How hard can it be to make a touring motorcycle, eh? All it needs to do, literally, is to lope down the open road. And when the first motorcycles were created, people like Robert E Fulton Jr, took their rudimentary steeds and toured. Fulton was born in 1909 and he decided he was a student of architecture. He took a field trip to see the buildings. He went 40,000km from London to Tokyo in 18 months, shot 40,000 feet on film (we are told), wrote a book about it - One Man Caravan. His motorcycle? A Douglas twin. The point is, it can be done on anything.
But we live in an age of specialisation, don't we? Your dentist can't cure a headache and a rocket scientist may or may not be able to make a decent bechamel. So while there are smirking lads on beat up Fieros who've already navigated our vast country, many of us believe we need a more purpose built tool for the long distance work.
The Hero Honda Karizma (back in the day) was the first modern motorcycle to be hailed as a proper open road motorcycle. It was among the fastest of motorcycles on the market, had an unstressed engine and since it was born off the rib of the CRF230, it seemed quite happy to trundle on after the road ended as well.
The AS 200 looks distinctive and performs well
Tall bars on massive risers, footpegs tucked not too far back and a tall screen give the AS 200 excellent ergonomics for hours of riding
The OE Eurogrips are adequate
But since then, the touring motorcycle has been a less-visited place. But when we rode the Bajaj Pulsar AS 200 last month, we ignored the appearance of the word 'Adventure' in its moniker and zeroed in straight on how nice the bike felt as an open road mile muncher. Naturally, the next step was to see if the updated and more powerful Hero Karizma ZMR and the newly minted Bajaj were as highway friendly as we imagined them to be.
But you hit hurdles that tell you clearly that neither Hero nor Bajaj have actually thought of their bikes as anything but premium commuters in role terms. For example, Rishaad and I mounted Rynox's new Hawk tail pack (on test) and my long suffering Kriega 10-litre tail pack (benchmark) for our 400km day out on the bikes. But as soon as we started, we noted that neither motorcycle offers convenient bungee points. You're left with the usual hacking - use the hole in the passenger heel guard, loop around the tail unit that carries the numberplate, saree guard bars and so forth - to mount your bags. Similarly, touring friendly digital features like a countdown to empty, tank range are missing from both. However, both showed us on our day out that they're good highway machines.
The Hero is a long motorcycle - look how Rishaad's backpack fits neatly ahead of the tail bag
The looks of the Karizma, well, are unique
Still a comfy bike, the bars of the Karizma are lower and farther forward which is a sportier riding position
Rishaad, for reasons still unknown to human civilisation, plonked the new Rynox bag on the Karizma and claimed it for the first half. I shrugged and got the AS 200 Kriegafied and ready to roll. As we headed out of Mumbai's chaos, the AS 200 felt good. It may have a 25PS engine in there, but unlike the 200 Duke, the AS feels a lot calmer and there's quite a bit of torque in the mid-range. It felt almost wrong to pass the nutter on his P220 who was slicing and dicing through the lanes with this incredibly calm, but very fast, AS 200. But you know it had to be done.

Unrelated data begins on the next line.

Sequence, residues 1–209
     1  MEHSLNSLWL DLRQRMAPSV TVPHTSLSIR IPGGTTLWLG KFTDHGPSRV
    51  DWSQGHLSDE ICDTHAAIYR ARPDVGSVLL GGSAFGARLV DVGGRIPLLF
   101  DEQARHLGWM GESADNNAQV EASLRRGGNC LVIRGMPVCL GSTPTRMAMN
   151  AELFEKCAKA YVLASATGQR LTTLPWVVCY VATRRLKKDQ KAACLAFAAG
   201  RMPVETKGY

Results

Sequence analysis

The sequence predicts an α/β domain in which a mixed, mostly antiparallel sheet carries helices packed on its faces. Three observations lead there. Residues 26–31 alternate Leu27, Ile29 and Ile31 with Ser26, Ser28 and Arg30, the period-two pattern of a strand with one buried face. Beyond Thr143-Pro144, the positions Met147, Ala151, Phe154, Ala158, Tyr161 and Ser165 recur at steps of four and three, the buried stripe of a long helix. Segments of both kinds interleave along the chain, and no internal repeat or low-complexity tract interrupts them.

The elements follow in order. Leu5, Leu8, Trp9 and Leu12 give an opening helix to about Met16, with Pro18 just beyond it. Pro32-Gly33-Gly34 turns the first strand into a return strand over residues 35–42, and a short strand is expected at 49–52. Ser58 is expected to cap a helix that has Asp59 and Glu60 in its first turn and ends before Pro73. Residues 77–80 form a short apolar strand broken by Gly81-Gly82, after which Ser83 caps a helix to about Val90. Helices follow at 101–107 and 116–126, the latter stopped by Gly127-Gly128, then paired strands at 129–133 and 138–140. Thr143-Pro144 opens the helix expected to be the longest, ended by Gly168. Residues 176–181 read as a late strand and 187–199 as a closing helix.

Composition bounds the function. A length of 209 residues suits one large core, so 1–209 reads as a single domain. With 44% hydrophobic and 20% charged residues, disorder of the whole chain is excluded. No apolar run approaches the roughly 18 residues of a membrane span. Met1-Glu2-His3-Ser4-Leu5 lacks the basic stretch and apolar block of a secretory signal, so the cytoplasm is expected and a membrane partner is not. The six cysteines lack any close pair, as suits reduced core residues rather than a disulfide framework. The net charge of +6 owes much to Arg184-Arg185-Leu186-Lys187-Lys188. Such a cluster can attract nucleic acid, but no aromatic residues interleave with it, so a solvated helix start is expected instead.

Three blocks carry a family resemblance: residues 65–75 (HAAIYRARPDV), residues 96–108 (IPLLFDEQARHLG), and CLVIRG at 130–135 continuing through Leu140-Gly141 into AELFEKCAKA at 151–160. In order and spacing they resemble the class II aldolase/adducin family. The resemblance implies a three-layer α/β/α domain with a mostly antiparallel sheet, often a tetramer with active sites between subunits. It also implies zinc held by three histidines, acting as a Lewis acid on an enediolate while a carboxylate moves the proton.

Lesson taught, I settled into a 100kmph cruise that comes easy on the AS 200. The motorcycle is relatively vibration free through most of the rev range though I have to note that at just under 2,000km, our test bike was already a-rattle and feeling less fresh and together than the test bikes we rode in the past issue. As I would realise later when I swapped back to the ZMR, the story isn't too different there. The Karizma's panels don't rattle quite so much, but there's strong vibration at near 100kmph cruising speeds in the pegs, bars as well as through the tank. The old Karizma wasn't entirely vibration free as it is, but the bump up in compression and power has made the vibes more noticeable. Then again, our Karizma did have a phase early in its life with us when the mirrors would not stay on and the heat shield kept falling off. Thankfully, it has settled into a more steady, trouble free existence.
The essential thing about a touring motorcycle has to be a blend of three things. First and most crucial, the ability to go far quite fast. In India, I'd say the ability to cruise at 100-120kmph is enough. This presumes a top speed that's noticeably higher. The ZMR and the AS 200 hit 127.83 and 138.21kmph flat out so both can cruise. At speed, vibration should be minimal and there should be enough torque on demand to be able to manage a reasonably swift overtake without having to downshift. In fact, if you look at the numbers you will see that the Karizma actually accelerated just a hint quicker than the Bajaj. Surprised? We were, but then when I thought about it, I realised that the taller gearing for the Bajaj produces that longer legged feel that makes the AS 200 feel like a highway machine.
Second is a reasonably large tank range. In my experience, about 240-280km is enough because riding stints longer than that is hardcore rider territory and not many have the gluteous fortitudinous to manage that. On this front, both motorcycles do well too. The Karizma actually shocked us by managing 51.6kmpl (780km range) on the highway (under our highway test, not at our significantly faster cruising speeds) and the AS 200 manages an eminently useable 42.3kmpl (508km range) on the same test. Both bikes should easily return the big distance you'd like between tankfuls no matter how hard you ride.